PCI DSS - let's be pragmatic about JavaScript Client Side Encryption and SAQs

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SAQ A-EP because of JavaScript forms?

It’s this time of the year: PCI audits. Web apps mature, payment methods evolve, and so does PCI DSS.

There was a time, when I used this document by Visa to explain the implications of different payment workflow integrations; among them

  • JavaScript based form submission
  • iFrame based forms, that get loaded from a Service Provider entirely
  • iFrame based redirects, which open a site that gets loaded from a Service Provider entirely
  • and last but not least DirectPost

But what if someone uses a Public Key based Client Side Encryption (CSE) scheme with JavaScript, that guarantees that the Merchant does not have the Private Key? What if if the browsers evolve and the JavaScript is being used to encrypt credit card data? An approach like that is not mentioned in the document from Visa.

Many QSAs would put this into a SAQ A-EP, simply because it’s possible and it means business.

Reality meets PCI DSS

In reality the JavaScript CSE solution might provide a higher confidentiality than an iFrame. The credit card data is not only encrypted via TLS >= 1.1 (in June 2018 TLS 1.0 must be turned off). It’s also encrypted with CSE in the customer’s browser. - Two layers of encryption.

The encrypted data (from the CSE process) usually gets sent to the Acquirer / Payment Service Provider via an API, that is hosted by the Merchant.
These API calls submit the encrypted credit card data. In theory it is also true, that encrypted data can be in scope of PCI DSS, and that it’s possible that an entity is not eligible for an SAQ A (ROC), simply because of that.

But it’s also possible to do an SAQ A (ROC).

It is possible that encrypted data may potentially be out of scope for a particular entity if, and only if, it is validated (for example, by a QSA or ISA) that the entity in possession of the encrypted data does not have access to the cleartext cardholder data or the encryption process, nor do they have the ability to decrypt the encrypted data.

What does that mean?

This means that you can seek out a accredited professional to review your Payment Service Provider and your integration in order to determine your eligibility for an SAQ A or SAQ A-EP (ROC). Most ISAs / QSAs are well aware, that Merchants in general do not want to do an SAQ A-EP.

In case of a JavaScript CSE solution, relevant security controls may include:

  • verify that the JavaScript from the PSP is unmodified
  • ensure that there is a valid SSL certificate in place
  • ensure that no credit card data can get submitted when JavaScript is deactivated in the browser
  • assess the hosts within the Merchant’s (small) CDE and search for credit-cards
  • confirm that the CSE is PCI compliant (PSP has to account for that)
  • collect the AoCs from the SPs, colocation sites and Acquirers

If we do PCI assessments, and we are not pragmatic about JavaScript, we need to remind ourselves that pervasive compliance is not a good business model and that this is not the intention of PCI DSS.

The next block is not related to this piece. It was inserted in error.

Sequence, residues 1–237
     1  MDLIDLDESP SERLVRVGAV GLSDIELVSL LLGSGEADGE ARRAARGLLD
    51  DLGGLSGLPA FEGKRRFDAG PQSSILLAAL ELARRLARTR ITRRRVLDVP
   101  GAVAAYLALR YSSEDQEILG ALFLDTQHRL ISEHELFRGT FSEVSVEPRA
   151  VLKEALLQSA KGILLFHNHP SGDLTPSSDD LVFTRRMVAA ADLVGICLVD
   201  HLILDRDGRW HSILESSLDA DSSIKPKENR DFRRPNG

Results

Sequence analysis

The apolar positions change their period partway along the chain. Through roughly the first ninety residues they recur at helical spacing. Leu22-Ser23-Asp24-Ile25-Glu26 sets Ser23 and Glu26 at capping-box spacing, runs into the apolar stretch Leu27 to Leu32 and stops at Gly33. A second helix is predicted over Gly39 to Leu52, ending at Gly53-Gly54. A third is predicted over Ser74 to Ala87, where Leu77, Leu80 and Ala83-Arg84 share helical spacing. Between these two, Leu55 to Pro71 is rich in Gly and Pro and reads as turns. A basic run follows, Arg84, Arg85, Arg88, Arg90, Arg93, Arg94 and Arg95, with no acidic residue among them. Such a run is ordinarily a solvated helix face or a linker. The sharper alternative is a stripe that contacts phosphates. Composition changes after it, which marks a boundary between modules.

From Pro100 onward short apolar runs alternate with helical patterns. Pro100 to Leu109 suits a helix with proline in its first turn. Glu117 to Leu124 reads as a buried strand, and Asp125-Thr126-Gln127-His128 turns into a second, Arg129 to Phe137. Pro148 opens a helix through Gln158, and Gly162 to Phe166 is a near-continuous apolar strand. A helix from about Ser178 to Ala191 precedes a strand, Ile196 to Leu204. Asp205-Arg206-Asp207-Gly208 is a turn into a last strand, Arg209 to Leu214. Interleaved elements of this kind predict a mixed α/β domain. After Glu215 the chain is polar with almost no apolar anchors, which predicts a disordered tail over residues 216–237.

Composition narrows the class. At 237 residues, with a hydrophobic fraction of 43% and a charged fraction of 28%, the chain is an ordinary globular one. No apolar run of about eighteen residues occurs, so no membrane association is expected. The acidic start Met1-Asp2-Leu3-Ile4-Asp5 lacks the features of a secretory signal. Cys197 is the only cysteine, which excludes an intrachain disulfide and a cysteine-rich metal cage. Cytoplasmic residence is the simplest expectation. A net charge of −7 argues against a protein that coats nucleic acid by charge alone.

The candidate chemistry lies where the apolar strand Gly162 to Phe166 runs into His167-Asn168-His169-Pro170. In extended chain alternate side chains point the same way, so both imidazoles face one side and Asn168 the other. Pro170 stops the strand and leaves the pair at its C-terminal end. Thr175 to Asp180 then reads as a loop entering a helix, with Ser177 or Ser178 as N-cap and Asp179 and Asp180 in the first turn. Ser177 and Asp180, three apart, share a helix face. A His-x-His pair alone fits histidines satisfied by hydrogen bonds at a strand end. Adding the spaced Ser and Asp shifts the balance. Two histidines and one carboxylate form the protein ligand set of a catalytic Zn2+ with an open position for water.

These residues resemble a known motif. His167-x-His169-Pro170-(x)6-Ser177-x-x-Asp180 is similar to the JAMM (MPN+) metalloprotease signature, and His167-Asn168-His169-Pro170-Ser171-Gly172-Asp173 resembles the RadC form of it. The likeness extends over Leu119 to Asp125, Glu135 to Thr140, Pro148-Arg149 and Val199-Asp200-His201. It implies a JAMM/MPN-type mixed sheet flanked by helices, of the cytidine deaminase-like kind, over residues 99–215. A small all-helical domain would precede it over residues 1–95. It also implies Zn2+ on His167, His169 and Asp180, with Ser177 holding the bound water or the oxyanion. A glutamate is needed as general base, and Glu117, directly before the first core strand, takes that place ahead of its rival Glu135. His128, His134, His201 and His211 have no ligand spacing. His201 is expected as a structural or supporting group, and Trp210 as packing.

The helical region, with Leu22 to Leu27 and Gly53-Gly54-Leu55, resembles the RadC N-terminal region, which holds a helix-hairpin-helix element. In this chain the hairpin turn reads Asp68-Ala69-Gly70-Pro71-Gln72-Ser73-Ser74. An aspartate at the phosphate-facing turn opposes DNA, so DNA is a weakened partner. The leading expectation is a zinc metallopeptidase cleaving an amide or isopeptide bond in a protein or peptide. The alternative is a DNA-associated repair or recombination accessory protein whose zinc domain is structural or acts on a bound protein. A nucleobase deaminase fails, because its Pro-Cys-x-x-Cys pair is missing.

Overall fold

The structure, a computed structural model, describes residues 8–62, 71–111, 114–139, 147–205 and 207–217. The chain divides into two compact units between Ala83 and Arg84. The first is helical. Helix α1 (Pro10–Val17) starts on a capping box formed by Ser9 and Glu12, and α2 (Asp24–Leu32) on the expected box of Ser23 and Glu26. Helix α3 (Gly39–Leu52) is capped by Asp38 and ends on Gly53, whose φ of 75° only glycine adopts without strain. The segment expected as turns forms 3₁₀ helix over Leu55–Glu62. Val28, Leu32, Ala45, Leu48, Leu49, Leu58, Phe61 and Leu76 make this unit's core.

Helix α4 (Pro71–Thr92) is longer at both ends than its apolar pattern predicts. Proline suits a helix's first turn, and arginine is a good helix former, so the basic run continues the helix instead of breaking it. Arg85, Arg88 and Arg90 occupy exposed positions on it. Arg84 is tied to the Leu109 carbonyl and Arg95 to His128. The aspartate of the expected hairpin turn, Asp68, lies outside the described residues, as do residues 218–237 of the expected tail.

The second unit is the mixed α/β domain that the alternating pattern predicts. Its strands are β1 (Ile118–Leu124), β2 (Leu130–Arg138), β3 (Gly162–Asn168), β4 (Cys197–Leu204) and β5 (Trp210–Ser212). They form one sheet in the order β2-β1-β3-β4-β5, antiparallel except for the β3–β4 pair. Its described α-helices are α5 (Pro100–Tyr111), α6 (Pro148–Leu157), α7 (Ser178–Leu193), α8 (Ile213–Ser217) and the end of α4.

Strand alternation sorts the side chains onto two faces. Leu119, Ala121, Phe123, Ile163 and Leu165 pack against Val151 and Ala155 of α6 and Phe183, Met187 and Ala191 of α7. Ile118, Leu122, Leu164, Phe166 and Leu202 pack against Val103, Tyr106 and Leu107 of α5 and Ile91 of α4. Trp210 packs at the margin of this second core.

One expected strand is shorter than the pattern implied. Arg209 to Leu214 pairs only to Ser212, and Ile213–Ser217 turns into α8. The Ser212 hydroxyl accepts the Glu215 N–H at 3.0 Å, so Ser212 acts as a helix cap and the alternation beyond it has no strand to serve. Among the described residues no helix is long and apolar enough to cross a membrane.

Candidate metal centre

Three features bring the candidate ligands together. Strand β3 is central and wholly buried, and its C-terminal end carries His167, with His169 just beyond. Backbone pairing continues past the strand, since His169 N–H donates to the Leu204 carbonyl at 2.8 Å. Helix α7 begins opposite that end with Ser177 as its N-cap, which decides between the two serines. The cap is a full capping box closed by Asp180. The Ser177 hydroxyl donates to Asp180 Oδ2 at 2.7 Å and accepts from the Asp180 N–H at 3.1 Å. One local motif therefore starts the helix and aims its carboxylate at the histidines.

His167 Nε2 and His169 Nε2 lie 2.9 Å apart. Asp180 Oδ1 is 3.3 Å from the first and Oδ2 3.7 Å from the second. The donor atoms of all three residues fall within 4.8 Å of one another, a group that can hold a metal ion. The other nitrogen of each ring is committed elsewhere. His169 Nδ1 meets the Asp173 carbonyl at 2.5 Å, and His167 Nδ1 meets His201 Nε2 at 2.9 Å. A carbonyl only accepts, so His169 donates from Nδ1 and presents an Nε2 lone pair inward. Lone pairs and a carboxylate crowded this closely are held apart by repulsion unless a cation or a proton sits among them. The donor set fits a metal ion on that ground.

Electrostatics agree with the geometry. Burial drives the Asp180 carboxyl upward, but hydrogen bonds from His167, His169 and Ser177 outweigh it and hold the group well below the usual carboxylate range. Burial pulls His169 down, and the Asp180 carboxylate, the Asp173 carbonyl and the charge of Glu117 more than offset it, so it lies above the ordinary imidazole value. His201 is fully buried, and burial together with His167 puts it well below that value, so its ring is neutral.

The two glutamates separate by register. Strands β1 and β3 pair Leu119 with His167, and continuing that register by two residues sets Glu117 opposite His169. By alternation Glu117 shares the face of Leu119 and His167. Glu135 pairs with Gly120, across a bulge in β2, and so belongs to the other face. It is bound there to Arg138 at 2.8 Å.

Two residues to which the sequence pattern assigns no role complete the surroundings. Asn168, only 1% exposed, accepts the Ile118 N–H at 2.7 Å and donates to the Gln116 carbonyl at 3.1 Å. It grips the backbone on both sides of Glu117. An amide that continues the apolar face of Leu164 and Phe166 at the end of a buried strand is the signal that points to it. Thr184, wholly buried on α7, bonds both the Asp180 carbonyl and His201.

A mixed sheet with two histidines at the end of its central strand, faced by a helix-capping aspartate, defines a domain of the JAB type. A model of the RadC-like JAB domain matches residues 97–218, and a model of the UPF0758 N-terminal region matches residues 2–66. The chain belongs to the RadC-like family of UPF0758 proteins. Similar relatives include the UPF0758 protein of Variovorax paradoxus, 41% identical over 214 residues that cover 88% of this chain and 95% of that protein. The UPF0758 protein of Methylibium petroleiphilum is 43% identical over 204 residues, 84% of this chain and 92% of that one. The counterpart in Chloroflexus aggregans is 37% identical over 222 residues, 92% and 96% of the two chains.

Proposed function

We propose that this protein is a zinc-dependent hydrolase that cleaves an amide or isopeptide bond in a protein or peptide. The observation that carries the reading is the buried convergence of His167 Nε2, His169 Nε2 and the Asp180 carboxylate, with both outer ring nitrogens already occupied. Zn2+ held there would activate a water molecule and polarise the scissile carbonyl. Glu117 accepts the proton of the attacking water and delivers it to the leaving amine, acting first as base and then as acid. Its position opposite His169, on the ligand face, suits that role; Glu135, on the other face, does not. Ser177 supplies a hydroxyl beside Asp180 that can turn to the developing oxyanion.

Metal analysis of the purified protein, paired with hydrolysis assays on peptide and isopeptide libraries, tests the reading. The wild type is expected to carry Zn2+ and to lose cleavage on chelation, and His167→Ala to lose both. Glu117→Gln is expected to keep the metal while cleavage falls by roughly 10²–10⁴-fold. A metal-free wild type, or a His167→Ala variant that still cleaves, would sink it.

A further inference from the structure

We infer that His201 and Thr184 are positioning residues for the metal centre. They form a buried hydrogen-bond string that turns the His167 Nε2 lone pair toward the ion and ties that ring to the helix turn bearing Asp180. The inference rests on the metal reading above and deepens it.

PCI DSS compliance is only a contractual obligation, that exists via the Merchant agreement. It’s not a law. In reality more than 50% of the Merchants are not compliant. These entities could never implement the controls of an SAQ A-EP. And with a sane PSP, that uses JavaScript CSE this might not even be the right thing to do for them.

Do Payment Service Providers lie about PCI eligibility criteria?

Payment Service Providers and Acquirers can lie. They are not responsible for the compliance of a Merchant entity. They can request an appropriate compliance level from the Merchants they are in business with. Usually it’s not in their interest to enforce PCI DSS.

For the QSA / ISA it is important to know, that the PCI SSC has a QA program. The SAQs or ROCs can get selected for a review. For the respective Merchant it is important to know, that the PCI SSC might flag a report. This can lead to a suspension of the Merchant’s eligibility to process credit cards.

It is in the interest of the Merchant to support the assessor, and to review the evidence sheet. - And to ensure that the evidence sheet contains the relevant policies and procedures, including areas such as the ERP (where the Acquirer reports might go to), Customer Support portals, CRMs, Ticket Systems, PBXs and so on.

Yes, Sensei...

A Service Provider does not determine the eligibility criteria for Merchant entities, and does not determine whether they have to do an SAQ A or A-EP. Especially if the Merchant gets breached, they will insist that they only issued basic recommendations, that were not specifically for the breached entity.

So unless the entity went through a QSA / ISA assessment, there is a higher residual compliance risk.


The confusion PCI DSS (3.2) creates among Merchants (related to JavaScript, iFrames, DirectPost) can get resolved. It’s important to pay close attention to the details of the payment workflows.

Minding these details is the job of the assessor. The decision is with the assessor, but the reasoning should be sane. Solely relying on a 4 years old document from Visa is not appropriate for a yearly assessment in 2018.

The fact that JavaScript is being used is not enough to determine whether a Merchant has to meet the SAQ A-EP requirements. In the same sense an iFrame solution does not guarantee that an SAQ A is enough.


26.02.2018 - published
27.02.2018 - clarifications added